Speaking with us, SWAFAX project leader Ian Rowland, said two studies had been completed that showed certain extracts contained high levels of antioxidant polyphenols.
“Land plants have all these polyphenols in them but seaweeds have never really been studied for their antioxidant potential – so we are looking at that and the results are very encouraging,” said Rowland, the director of research and head of the Hugh Sinclair Unit of Human Nutrition at Reading University.
“One of the most important things with polyphenols whether they are from seaweeds or land plants is how easily they are absorbed in the body.”
Ascophyllum seaweed had shown the best potential in this area.
“The antioxidant content can be up to 15% of the weight of the seaweed,” Rowland said. “Some of them are similar to land plants but not all of them. The best potential we have seen is for phlorotannins which are found in brown seaweeds like Ascophyllum.”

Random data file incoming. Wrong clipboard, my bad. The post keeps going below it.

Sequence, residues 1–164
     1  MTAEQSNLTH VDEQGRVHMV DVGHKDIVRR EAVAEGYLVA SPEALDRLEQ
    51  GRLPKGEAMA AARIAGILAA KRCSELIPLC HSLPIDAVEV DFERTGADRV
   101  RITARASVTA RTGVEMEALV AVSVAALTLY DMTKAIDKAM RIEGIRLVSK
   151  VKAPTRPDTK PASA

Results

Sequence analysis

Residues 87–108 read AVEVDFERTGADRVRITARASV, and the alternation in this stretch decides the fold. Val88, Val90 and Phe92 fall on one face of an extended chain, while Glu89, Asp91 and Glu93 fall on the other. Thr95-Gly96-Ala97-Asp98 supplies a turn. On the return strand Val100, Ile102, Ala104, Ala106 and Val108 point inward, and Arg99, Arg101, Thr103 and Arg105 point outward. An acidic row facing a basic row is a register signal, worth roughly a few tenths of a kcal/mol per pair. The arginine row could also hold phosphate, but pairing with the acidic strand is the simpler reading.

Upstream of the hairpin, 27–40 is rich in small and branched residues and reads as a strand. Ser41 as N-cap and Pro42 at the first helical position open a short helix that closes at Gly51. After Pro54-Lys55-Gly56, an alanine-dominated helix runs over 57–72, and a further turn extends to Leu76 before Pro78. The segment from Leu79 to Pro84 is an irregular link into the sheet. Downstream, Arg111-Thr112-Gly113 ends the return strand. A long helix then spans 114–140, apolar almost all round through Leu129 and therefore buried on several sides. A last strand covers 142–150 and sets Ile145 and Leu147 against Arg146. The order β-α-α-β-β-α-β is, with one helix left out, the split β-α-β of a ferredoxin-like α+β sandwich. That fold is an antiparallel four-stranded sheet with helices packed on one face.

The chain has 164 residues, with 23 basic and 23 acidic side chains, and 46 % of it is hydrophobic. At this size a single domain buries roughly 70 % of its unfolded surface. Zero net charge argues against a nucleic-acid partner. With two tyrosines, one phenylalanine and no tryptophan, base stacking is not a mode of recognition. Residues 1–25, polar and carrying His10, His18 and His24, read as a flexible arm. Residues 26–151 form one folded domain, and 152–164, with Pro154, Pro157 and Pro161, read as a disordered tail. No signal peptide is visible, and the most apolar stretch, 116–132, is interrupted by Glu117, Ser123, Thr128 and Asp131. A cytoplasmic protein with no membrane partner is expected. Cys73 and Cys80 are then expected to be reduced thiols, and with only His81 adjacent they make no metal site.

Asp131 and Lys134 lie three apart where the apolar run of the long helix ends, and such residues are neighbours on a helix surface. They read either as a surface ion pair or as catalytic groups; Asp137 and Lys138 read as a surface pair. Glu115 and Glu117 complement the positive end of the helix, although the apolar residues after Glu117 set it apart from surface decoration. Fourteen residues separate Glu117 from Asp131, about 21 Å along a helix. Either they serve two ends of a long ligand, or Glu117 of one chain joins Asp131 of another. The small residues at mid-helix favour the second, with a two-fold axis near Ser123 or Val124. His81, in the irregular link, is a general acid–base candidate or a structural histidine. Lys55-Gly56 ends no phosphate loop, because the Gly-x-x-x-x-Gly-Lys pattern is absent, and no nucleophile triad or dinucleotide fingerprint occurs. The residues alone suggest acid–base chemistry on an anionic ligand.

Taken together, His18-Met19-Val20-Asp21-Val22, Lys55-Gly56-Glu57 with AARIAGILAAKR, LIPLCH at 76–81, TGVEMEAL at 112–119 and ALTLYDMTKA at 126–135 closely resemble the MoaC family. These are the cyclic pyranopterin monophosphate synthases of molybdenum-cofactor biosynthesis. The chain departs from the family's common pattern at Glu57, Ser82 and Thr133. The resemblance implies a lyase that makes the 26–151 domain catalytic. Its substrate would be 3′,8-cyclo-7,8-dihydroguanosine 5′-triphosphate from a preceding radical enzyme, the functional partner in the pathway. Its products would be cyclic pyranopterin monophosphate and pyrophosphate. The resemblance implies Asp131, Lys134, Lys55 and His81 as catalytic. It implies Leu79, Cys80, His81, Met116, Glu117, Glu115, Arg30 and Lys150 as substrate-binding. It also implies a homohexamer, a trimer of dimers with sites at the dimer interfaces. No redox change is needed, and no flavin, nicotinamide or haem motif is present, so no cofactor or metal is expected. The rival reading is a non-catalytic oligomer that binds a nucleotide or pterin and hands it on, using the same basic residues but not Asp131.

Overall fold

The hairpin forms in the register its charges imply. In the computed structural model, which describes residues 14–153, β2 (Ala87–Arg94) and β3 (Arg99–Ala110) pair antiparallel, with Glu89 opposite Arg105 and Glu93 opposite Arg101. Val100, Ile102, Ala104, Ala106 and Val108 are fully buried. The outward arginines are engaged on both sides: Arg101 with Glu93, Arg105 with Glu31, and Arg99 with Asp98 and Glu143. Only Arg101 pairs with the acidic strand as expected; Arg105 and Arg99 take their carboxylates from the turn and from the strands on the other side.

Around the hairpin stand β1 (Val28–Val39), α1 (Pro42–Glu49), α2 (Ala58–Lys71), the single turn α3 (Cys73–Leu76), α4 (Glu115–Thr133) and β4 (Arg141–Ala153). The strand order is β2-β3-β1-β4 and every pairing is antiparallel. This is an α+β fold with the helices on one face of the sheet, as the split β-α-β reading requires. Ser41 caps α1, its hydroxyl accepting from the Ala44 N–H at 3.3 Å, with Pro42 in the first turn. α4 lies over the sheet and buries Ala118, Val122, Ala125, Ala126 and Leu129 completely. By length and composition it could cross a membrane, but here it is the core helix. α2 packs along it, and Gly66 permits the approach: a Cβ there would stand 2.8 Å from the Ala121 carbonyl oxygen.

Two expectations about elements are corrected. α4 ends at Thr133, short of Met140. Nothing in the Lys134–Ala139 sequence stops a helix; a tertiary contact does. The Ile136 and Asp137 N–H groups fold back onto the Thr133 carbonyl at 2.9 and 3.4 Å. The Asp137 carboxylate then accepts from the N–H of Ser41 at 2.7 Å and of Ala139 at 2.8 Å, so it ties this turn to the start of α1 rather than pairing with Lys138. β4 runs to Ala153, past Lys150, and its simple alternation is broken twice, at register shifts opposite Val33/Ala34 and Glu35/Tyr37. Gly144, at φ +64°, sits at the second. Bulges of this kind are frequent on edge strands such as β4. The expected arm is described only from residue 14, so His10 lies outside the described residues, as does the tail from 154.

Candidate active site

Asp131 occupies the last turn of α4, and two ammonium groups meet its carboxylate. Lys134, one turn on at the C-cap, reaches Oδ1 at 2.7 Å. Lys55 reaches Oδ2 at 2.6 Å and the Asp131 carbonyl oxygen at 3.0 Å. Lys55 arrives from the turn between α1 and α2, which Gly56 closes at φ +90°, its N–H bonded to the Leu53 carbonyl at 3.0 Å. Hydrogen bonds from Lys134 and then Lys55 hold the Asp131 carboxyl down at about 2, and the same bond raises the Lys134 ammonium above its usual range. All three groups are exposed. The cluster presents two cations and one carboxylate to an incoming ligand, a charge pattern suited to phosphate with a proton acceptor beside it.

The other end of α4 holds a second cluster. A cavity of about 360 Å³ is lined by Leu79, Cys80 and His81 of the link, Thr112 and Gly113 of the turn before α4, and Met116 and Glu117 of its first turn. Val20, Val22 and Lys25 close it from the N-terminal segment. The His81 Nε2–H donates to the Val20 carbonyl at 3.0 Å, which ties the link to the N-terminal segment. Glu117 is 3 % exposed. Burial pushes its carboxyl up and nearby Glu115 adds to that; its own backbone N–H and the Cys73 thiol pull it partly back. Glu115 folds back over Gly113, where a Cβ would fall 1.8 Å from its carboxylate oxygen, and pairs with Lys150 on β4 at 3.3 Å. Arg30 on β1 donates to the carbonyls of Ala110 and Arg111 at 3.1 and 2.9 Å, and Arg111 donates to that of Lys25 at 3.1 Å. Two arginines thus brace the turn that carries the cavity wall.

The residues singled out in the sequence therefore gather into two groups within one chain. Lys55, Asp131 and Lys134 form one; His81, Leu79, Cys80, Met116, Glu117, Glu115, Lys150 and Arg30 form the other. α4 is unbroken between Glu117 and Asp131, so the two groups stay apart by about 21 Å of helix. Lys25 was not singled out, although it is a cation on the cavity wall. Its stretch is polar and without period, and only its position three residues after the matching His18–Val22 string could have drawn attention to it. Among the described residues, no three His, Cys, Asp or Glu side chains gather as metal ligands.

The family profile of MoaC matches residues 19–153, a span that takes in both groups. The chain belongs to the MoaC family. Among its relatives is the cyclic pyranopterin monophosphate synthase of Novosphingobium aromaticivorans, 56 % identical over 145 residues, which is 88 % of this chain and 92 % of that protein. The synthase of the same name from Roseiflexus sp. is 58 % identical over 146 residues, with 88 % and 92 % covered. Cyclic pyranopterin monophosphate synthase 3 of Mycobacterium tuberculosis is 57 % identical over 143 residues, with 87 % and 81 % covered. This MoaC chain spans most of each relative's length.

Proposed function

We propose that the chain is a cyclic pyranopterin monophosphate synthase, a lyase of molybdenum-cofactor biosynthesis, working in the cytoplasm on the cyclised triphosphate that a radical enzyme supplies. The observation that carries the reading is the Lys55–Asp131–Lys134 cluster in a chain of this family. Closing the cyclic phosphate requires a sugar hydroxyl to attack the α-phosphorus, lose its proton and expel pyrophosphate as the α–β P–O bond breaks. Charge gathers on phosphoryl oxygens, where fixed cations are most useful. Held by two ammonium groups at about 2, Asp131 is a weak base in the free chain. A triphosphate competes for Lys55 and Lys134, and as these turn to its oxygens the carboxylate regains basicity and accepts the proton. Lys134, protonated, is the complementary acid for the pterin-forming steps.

Rowland said seaweed was abundant and offered high-end potential as to date it was mainly used as a whole food or as a source for basic vitamins and minerals.
The two year old project was slated to complete already but has been extended until April when the final study will finish. The studies will then be sent to nutrition journals for assessment and potential publication.
The project has worked with three small to medium enterprises (SMEs) – Irish firm Marigot which specialises in seaweed mineral extraction; Hebridean Seaweed in Scotland and Mesosystem, based out of Spain.
There are also three RTD providers - CyberColloids and the Universities of Reading and Ulster.
World production of seaweeds stood at 16 million tonnes in 2008, with 93% cultivated and 7% harvested in the wild.